Nurses are, needed: Rachel’s story

Rachel has been a staff nurse on the Inpatient Unit at St Clare Hospice for 12 years and originally came to St Clare as a student nurse at the age of just 18.
Published on: Tuesday 03 Aug 2021 at 09:40

Here Rachel shares her passion for palliative care nursing, the difference Hospice care makes to patients, and why the Nurses Are Needed campaign is so important for the future.

Arriving as a student nurse

“Hi, I’m Rachel and I have been working here at St Clare for 12 years. I first came to St Clare as a student nurse, I was very young at the time – just 18, and I was absolutely petrified about being sent to a hospice. I had no experience of hospice care and just didn’t have any idea about what it would entail, or what sort of nursing they did here.”

“But I absolutely loved my student placement at St Clare. I was here for just 1 month at the time, and really got on well with the team and was made to feel so welcome. I absolutely loved the side of nursing that you see in a hospice – I loved how much time the nurses could spend with the patients, and how involved you got in their care – and how hands on you could be as a nurse.”

Joining the St Clare team

“In my third year of training I requested a second placement at the Hospice and was granted it. Again, I had great support from my mentors and was made to really feel part of the team.”

“Shortly after qualifying as a registered nurse, a job came up for a Staff Nurse at St Clare and I jumped at the chance – and was lucky to get the role. Other people may suggest you go out and get lots of different nursing experience, and that might be the right thing for others, but I knew deep down that there was nowhere else I wanted to go to work every morning, and that palliative care nursing was the right path for me.”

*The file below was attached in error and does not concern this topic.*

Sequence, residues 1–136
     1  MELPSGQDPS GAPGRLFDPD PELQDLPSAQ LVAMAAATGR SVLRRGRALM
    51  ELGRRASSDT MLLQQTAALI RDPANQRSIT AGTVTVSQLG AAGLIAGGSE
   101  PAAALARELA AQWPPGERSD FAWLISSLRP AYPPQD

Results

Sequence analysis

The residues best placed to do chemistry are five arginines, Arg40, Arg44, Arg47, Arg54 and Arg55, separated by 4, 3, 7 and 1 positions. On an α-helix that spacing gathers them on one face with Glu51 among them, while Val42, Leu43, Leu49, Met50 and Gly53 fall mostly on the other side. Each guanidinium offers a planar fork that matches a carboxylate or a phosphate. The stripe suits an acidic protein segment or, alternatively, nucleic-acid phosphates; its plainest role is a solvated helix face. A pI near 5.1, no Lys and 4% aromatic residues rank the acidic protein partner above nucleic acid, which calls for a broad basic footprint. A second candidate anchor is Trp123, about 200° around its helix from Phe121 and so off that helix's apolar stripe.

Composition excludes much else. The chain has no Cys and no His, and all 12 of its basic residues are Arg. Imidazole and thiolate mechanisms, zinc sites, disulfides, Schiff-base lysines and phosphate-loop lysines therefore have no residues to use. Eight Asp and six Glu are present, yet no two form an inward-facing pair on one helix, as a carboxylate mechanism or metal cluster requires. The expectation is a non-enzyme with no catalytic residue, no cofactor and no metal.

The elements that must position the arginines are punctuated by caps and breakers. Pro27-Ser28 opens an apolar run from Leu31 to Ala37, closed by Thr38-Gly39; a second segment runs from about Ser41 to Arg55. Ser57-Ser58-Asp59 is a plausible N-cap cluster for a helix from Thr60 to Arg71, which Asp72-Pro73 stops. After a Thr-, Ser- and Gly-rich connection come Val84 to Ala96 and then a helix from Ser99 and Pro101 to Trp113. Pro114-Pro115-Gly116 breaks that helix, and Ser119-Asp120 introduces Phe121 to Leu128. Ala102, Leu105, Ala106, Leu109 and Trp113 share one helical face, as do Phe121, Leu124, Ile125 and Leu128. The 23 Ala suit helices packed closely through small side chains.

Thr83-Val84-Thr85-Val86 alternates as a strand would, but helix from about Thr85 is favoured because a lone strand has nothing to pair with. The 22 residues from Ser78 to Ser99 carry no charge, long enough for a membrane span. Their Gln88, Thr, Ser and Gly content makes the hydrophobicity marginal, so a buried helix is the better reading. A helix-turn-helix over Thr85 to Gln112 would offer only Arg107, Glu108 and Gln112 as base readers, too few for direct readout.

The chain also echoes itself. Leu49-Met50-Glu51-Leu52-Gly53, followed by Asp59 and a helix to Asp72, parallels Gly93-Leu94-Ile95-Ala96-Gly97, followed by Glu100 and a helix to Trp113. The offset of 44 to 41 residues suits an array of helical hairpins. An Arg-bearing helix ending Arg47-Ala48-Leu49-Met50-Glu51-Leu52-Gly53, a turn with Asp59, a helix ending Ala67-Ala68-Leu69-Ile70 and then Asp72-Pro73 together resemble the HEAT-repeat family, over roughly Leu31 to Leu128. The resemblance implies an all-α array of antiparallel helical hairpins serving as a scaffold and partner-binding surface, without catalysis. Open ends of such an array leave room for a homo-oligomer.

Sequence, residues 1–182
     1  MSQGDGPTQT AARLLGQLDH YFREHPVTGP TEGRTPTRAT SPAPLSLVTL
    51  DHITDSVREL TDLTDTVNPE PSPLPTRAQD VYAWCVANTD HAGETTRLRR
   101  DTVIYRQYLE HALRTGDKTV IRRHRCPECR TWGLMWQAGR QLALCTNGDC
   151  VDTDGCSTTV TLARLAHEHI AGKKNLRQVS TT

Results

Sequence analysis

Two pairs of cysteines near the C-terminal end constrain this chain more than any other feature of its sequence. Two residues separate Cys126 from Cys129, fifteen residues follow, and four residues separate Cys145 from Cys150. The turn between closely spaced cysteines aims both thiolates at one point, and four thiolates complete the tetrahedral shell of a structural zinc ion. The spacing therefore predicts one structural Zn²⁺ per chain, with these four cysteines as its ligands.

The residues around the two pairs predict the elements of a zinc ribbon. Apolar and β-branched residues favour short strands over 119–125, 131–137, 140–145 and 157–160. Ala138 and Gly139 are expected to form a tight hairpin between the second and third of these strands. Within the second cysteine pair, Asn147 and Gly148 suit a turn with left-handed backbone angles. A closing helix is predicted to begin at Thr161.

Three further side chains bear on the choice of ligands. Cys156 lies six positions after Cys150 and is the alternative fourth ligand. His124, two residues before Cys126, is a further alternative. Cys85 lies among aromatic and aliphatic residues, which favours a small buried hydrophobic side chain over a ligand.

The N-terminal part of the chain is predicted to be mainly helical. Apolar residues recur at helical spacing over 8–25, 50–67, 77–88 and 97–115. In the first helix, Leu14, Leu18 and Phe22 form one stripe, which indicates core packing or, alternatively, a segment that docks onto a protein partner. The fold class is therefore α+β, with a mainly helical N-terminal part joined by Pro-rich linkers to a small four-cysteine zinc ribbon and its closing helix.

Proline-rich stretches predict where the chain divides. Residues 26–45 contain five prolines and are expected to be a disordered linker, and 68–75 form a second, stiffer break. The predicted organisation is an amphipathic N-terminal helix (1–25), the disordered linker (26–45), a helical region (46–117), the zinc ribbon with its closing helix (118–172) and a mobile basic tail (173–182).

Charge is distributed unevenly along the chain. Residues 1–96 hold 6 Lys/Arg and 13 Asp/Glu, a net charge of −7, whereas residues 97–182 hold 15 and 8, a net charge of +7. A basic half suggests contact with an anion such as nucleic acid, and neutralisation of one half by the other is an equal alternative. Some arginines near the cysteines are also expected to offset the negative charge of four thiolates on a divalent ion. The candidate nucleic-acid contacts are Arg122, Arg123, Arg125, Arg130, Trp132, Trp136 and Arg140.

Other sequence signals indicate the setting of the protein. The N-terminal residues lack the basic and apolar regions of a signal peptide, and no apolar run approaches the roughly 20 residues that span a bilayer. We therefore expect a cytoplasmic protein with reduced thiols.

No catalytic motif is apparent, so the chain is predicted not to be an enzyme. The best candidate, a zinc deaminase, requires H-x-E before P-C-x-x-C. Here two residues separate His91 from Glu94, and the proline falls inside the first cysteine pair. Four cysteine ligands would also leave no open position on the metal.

“It’s 12 years since I took the job and I have juggled having my children and working during that time. It’s been really important to me to carry on my career in nursing, and I see myself growing my palliative care experience and skills as my children get older – and hopefully working up to be a Clinical Nurse Specialist one day.”

“St Clare Hospice is really supportive of developing our nurses and offers lots of opportunities to gain experience in other teams and roles within the Hospice.”

“I work a mixture of day and night shifts, as well as coordinating the volunteers who support us on the Unit. The volunteers are gradually returning to support us as the COVID restrictions lift, which is really exciting as we have all missed them and their help. I absolutely love my role and the years seem to have flown by – which is definitely a good sign that I love my job!”

Palliative Care Nursing

“The special thing about palliative care nursing is how you can make such a difference to people’s lives in a short space of time. We have quite a limited amount of time with our patients – either because they are with us for symptom management and we hope to send them home as soon as we can – or because they are here at the end of their life and time is limited.”

“That means we have a small time frame to get their care absolutely right and to sometimes completely change their experience of end of life care. That is the real challenge, and fulfilment, as a nurse.”

“So many people have come here after spending weeks or even months in hospital – and just the difference in them once they arrive at St Clare is amazing. You see them settle, feel calmer, and relax because it is a much more appropriate environment for them. It’s lovely to be able to make a difference by them just being here – and that’s even before we look at their symptom or pain management.”